Why has climate change been so difficult to address through democratic institutions and processes? The SSRC’s Anxieties of Democracy program established a working group to engage this question. Robert O. Keohane and Nancy L. Rosenblum, cochairs of the working group, provide a sense of the issues that have animated its work thus far: mobilization for climate change, the politics of mitigation strategies, and the often neglected role of emotion in democratic participation.
Robert O. Keohane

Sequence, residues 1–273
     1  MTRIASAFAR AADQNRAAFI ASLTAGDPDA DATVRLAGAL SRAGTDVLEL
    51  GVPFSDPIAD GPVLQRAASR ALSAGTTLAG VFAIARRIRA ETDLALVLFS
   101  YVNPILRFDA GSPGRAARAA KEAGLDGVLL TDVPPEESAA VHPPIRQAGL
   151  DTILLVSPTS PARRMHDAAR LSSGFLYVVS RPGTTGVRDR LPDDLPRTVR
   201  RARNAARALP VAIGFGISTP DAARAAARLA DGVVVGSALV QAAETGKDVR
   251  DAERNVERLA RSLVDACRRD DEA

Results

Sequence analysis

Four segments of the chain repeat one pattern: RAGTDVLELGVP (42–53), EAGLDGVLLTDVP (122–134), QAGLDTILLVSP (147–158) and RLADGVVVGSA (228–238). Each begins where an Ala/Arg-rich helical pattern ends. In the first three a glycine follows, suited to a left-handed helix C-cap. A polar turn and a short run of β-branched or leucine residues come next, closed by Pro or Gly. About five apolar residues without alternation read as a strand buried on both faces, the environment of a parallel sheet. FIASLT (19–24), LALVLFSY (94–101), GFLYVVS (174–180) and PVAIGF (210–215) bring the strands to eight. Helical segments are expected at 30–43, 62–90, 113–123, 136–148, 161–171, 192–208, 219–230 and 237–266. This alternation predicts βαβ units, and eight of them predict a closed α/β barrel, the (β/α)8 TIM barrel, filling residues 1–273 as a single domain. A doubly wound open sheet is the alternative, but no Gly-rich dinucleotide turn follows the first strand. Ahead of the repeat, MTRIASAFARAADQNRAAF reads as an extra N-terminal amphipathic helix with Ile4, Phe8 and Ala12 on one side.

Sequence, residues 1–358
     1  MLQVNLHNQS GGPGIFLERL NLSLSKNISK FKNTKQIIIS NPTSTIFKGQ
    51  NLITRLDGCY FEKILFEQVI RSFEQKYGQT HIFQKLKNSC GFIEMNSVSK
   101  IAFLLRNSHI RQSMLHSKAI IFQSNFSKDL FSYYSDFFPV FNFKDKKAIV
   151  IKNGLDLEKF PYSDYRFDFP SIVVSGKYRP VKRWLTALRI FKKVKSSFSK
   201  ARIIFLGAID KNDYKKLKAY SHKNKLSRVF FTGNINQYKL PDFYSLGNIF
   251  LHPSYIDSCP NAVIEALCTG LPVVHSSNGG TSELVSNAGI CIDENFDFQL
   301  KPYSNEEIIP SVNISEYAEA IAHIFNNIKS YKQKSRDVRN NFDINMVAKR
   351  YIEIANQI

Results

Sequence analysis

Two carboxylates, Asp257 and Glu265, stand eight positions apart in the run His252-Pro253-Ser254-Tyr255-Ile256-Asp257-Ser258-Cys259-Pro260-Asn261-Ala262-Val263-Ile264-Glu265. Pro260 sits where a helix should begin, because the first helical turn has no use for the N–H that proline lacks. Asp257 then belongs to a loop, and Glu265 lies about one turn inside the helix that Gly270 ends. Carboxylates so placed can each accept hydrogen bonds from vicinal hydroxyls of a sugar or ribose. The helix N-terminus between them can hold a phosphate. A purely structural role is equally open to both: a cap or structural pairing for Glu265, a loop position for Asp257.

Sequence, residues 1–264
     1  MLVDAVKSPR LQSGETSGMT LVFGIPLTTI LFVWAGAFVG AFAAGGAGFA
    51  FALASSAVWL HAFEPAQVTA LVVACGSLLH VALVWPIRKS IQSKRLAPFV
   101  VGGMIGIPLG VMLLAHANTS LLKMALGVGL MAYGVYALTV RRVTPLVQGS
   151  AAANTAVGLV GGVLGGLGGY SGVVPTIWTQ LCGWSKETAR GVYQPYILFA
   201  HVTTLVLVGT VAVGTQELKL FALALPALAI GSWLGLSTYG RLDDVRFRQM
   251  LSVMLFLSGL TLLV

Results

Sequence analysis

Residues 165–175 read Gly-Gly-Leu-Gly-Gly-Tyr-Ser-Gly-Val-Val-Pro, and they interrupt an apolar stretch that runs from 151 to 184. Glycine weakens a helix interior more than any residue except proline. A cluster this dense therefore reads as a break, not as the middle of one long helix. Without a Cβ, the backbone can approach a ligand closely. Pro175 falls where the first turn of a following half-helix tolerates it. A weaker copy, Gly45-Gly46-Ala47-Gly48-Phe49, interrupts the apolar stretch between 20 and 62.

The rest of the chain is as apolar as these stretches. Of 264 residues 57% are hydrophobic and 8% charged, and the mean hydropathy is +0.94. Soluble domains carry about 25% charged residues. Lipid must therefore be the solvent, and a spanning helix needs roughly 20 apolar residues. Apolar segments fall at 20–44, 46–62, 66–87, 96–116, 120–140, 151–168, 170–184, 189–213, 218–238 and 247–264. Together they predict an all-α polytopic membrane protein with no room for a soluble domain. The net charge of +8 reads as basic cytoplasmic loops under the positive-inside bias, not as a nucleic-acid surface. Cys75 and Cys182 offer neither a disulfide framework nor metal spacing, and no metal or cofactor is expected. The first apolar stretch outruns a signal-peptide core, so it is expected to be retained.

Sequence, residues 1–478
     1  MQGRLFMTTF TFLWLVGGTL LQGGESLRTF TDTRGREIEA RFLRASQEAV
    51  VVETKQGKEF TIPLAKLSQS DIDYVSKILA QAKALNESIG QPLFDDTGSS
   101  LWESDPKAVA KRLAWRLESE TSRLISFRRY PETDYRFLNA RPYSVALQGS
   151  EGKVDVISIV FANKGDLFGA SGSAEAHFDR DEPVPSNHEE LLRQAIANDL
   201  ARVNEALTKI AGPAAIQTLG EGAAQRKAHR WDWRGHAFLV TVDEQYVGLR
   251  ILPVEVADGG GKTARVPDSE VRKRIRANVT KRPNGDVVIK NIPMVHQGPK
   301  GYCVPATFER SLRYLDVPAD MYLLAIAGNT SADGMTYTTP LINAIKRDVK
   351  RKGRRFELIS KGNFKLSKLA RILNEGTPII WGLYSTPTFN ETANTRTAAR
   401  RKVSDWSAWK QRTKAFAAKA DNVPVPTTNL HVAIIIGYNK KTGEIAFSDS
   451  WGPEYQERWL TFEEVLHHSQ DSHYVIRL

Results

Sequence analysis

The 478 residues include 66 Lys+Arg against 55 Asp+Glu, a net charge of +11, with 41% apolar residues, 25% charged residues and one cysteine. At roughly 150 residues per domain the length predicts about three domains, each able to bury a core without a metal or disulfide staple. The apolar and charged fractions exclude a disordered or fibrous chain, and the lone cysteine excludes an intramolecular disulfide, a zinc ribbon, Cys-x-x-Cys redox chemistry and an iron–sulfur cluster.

Robert O. Keohane is Professor of International Affairs at Princeton University. He is the author of After Hegemony: Cooperation and Discord in the World Political Economy (Princeton University Press, 1984/2005) and Power and Governance in a Partially Globalized World (Psychology Press, 2002). He is coauthor of Power and Interdependence (with Joseph S. Nye, Jr; Pearson, 1977/2012), and of Designing Social Inquiry (with Gary King and Sidney Verba; Princeton University Press, 1994). He has served as the editor of International Organization and as president of the International Studies Association and the American Political Science Association. He won the Grawemeyer Award for Ideas Improving World Order, 1989, and the Johan Skytte Prize in Political Science, 2005. He is a member of the American Academy of Arts and Sciences, the American Philosophical Society, and the National Academy of Sciences; he is a Corresponding Member of the British Academy. His most recent papers (coauthored with different partners) include “Contested Multilateralism” (Review of International Organizations, December 2014); “Anti-Americanism and Anti-Interventionism in Arabic Twitter Discourses” (Perspectives on Politics, March 2015), and “Organizational Ecology and Institutional Change in Global Governance” (International Organization, Spring 2016).